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Electrical & Computer Engineering
Master of Science (M.S.)
Year Degree Awarded
Month Degree Awarded
precedence constraints, computational load, cost functions, reward, service, dynamic voltage scaling
Embedded real time applications are often subject to time and energy constraints. Real time applications are usually characterized by logically separable set of tasks with precedence constraints. The computational effort behind each of the task in the system is responsible for a physical functionality of the embedded system. In this work we mainly define theoretical models for relating the quality of the physical func- tionality to the computational load of the tasks and develop optimization problems to maximize the quality of the system subject to various constraints like time and energy. Specifically, the novelties in this work are three fold. This work deals with maximizing the final output quality of a set of precedence constrained tasks whose quality can be expressed with appropriate cost functions. We have developed heuristic scheduling algorithms for maximizing the quality of final output of embedded applications. This work also dealswith the fact that the quality of output of a task in the system has noticeable effect on quality of output of the other dependent tasks in the system. Finally run time characteristics of the tasks are also modeled by simulating a distribution of run times for the tasks, which provides for averaged quality of output for the system rather than un-sampled quality based on arbitrary run times. Many real-time tasks fall into the IRIS (Increased Reward with Increased Service) category. Such tasks can be prematurely terminated at the cost of poorer quality output. In this work, we study the scheduling of IRIS tasks on multiprocessors. IRIS tasks may be dependent, with one task feeding other tasks in a Task Precedence Graph (TPG). Task output quality depends on the quality of the input data as well as on the execution time that is allowed. We study the allocation/scheduling of IRIS TPGs on multiprocessors to maximize output quality. The heuristics developed can effectively reclaim resources when tasks finish earlier than their estimated worst-case execution time. Dynamic voltage scaling is used to manage energy consumption and keep it within specified bounds.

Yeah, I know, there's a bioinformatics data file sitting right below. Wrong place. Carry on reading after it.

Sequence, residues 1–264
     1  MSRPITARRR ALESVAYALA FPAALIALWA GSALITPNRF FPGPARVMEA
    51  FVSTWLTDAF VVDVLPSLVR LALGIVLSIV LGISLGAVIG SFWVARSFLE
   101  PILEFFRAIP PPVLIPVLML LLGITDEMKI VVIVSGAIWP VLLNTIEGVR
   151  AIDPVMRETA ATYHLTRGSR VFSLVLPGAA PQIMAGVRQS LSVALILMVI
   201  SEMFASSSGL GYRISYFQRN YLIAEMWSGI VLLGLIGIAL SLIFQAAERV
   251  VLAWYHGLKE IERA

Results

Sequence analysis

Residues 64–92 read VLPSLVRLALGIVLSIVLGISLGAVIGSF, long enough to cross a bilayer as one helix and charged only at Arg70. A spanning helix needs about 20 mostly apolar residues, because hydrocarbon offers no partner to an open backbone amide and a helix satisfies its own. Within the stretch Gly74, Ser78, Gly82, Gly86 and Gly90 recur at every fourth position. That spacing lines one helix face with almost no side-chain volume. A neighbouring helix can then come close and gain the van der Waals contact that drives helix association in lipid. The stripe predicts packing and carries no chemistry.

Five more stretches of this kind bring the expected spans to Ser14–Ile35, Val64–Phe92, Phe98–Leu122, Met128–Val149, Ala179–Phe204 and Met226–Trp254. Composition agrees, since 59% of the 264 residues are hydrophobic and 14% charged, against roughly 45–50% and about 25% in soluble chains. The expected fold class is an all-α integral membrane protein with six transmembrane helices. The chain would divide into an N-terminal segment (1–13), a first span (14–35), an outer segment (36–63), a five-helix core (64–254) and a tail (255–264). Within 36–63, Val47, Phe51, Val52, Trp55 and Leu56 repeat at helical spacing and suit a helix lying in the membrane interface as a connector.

C Mani Krishna